New Orleans       For lower income and working families in these days of escalating rents and no money flowing in the credit deserts, the old saying that if it “weren’t for bad news, there wouldn’t be any news at all” feels too much like an everyday story.  In Detroit and Cincinnati recently, there was some good news that should create some hope for some families trying to keep homes out of foreclosure or buy homes through installment land contracts.

The Detroit story is a hard one to get your arms around, like so many things in Detroit.  The topline is that a suit led by the ACLU reached a settlement with the City of Detroit that may allow some families to stay in their homes.  As the Detroit News summarized,

The ACLU sued the city in Wayne County Circuit Court two years ago over how it administered the state-mandated property tax break for the poor, arguing it was inaccessible to the vast majority of homeowners who were needlessly losing their homes to foreclosure.

To be clear, the city didn’t allow lower income families to get the property tax exemption approved in state law and instead tallied the delinquent property taxes for several years and then after being in arrears for more than three years, foreclosed on the houses and put them up for sale at tax auction.  Nothing pretty about that story.  It’s almost a Ripley “believe or not” tale.

The settlement forces the city to have to step up.  As the Detroit News reports:

Under the plan, a group of homes headed to this year’s fall tax auction will instead be bought by the city and sold to owner-occupants who prove they qualified for the city’s poverty tax exemption, which lowers or eliminates tax bills.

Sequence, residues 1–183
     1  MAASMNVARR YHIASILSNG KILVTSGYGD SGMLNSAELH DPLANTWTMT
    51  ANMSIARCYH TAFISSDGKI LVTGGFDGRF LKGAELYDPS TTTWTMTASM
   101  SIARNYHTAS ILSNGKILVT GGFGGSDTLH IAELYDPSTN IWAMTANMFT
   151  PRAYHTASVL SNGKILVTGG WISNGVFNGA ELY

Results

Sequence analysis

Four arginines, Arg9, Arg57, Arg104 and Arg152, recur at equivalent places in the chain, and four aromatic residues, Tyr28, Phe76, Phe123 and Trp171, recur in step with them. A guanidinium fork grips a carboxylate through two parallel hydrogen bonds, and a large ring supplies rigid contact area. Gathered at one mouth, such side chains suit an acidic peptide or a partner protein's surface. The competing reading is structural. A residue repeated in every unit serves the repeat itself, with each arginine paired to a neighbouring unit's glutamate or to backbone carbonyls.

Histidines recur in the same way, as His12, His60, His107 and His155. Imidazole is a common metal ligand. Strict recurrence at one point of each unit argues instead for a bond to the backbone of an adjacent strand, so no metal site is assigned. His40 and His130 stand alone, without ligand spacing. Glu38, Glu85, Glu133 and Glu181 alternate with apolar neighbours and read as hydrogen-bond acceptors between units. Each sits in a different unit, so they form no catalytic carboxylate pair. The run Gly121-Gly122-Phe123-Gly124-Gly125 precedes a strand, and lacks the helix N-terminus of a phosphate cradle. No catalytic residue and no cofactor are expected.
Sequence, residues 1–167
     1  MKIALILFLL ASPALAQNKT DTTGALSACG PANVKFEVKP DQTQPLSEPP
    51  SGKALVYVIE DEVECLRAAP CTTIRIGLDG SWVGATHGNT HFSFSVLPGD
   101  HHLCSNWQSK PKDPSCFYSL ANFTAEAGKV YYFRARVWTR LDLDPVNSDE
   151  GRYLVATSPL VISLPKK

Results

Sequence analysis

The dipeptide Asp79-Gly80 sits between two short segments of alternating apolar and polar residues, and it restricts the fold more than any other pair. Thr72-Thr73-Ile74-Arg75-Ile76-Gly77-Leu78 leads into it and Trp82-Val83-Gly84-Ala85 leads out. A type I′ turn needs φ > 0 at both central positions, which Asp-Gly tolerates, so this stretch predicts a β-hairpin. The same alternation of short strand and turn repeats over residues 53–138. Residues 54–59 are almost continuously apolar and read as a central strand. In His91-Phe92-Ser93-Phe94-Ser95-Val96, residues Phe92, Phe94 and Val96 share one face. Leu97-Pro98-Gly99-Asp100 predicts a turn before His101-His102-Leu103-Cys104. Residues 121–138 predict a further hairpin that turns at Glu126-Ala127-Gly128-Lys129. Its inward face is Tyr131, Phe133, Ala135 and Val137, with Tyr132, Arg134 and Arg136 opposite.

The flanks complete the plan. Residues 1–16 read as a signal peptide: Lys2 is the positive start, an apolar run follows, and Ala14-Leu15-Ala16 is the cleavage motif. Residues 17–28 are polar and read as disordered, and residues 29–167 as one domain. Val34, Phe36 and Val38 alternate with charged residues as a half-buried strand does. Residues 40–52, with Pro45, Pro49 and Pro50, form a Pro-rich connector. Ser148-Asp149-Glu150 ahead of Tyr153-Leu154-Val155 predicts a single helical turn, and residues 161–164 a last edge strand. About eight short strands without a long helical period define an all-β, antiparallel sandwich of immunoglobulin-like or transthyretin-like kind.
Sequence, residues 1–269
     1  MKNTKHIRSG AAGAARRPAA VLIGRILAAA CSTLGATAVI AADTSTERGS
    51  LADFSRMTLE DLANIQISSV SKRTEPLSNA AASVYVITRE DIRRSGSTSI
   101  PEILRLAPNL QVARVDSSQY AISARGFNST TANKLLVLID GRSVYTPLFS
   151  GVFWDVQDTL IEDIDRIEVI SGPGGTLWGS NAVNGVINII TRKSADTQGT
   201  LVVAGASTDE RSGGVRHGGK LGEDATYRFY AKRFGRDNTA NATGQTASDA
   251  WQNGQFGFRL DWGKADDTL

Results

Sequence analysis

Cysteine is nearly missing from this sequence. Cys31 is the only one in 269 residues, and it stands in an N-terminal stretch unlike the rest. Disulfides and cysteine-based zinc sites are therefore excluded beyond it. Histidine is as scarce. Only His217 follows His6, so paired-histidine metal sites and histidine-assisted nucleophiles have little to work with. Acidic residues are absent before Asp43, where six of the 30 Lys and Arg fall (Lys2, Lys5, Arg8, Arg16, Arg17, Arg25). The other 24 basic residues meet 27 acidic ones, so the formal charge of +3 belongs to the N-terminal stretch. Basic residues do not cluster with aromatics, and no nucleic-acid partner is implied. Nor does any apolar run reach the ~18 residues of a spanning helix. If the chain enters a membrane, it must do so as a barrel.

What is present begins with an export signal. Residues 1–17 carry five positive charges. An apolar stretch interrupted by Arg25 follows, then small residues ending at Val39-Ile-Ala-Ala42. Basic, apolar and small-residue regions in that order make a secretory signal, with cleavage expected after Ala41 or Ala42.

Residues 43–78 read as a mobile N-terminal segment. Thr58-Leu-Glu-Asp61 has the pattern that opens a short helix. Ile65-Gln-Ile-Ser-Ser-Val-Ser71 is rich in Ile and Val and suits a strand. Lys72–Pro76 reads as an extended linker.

All good so far, though it gets tricky.  Families that can prove that they were wronged have to buy back the homes for $1000, which, frankly, I don’t understand at all.  The money they say is going to come from private foundations.  The whole affair is being administered by some fantastic folks the ACORN Home Savers Campaign was privileged to meet earlier in the campaign at the United Community Housing Coalition.  UCHC has already qualified about one-hundred families.  There are more than 4000 homes scheduled for the fall auction with over 2000 occupied by owners or renters, so of course there is concern that there may be more people trying to win justice under the settlement than there is money available from foundations, but fingers crossed.  This is still good news and the city can’t claim to be protecting home owners from foreclosure even while cheating them earlier so I’m sure there will be a fix if there’s a shortfall.

In Cincinnati, an ordinance was passed unanimously to assure that any house offered under an installment land contract had to first establish that it was up to code.  Given the history of how companies have operated there, this is also a good step forward.

In both cities these are steps forward and offer hope of more progress for lower income tenants, potential homeowners, and existing homeowners in the future.